Inflation rising as labour market tightens
“Deflation – it’s the bugbear of policymakers with the potential to create a debt trap where the indebted are unable to repay their loans, leading to a spiral of bank losses, credit restrictions, weaker demand and falling prices. Central banks have deployed an arsenal of measures over the last few years in an attempt to quash deflationary pressure. Indeed, policy makers continue to justify low rates by the perceived slack in labour markets and low wage growth” explained James.
“The model’s shift from a falling inflation regime to a rising one is generally down to two factors – stable commodity prices and tighter labour markets. The proportion of firms reporting recruitment difficulties is as high today as it was in 2006 – at the peak of the last economic cycle. The surge in recruitment difficulties contradicts the mantra from the Federal Reserve and Bank of England that there is ample slack in the labour market because of an abundance of under-utilised part time workers” said James.
While the model expects global inflation to begin rising again, the outlook is not uniform across all countries. Euro area core inflation is expected to remain too low for comfort, keeping pressure on the European Central Bank (ECB) to stimulate the economy. In contrast, the US and UK indicators suggest a grind higher in core inflation.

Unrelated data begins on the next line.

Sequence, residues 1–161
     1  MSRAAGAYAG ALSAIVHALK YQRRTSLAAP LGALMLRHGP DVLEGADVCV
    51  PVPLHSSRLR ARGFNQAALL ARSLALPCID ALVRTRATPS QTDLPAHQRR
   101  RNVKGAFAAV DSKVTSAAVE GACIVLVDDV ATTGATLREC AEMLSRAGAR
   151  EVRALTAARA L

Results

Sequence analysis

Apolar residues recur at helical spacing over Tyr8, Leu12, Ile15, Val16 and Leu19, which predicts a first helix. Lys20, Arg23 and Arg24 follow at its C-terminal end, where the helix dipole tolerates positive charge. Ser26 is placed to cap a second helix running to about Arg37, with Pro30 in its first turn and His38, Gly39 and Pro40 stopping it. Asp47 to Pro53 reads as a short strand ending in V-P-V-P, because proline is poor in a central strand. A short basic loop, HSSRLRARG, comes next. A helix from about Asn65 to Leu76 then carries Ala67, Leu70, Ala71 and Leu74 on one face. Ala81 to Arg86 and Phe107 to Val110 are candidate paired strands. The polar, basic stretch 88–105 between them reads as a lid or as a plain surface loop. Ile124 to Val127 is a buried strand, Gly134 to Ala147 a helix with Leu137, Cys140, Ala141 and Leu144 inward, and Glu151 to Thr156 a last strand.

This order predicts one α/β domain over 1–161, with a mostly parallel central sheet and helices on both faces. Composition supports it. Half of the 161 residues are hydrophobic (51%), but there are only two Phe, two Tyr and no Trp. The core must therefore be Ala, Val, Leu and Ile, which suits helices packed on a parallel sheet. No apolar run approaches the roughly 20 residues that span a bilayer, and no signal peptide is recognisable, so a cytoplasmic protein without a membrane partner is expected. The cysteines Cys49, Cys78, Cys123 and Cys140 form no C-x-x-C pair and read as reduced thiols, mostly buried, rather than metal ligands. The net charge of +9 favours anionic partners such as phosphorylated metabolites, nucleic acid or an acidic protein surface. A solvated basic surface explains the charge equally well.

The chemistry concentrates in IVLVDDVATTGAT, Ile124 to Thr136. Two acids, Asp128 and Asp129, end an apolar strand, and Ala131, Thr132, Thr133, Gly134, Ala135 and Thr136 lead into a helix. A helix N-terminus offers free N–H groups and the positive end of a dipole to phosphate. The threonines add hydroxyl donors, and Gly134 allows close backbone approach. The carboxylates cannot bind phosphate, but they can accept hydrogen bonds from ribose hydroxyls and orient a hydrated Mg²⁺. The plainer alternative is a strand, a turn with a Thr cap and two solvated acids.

“Ultimately, this means that a divergence in central bank policy is likely. We have already seen a change towards more hawkish rhetoric from the Federal Reserve and Bank of England. If our model proves correct, this change should become more pronounced over the next year, eventually resulting in a rate hike in both the US and the UK. On the other hand, despite a reassuring stabilisation of euro area core inflation, it remains dangerously low and so the ECB are likely to continue easing” ended James.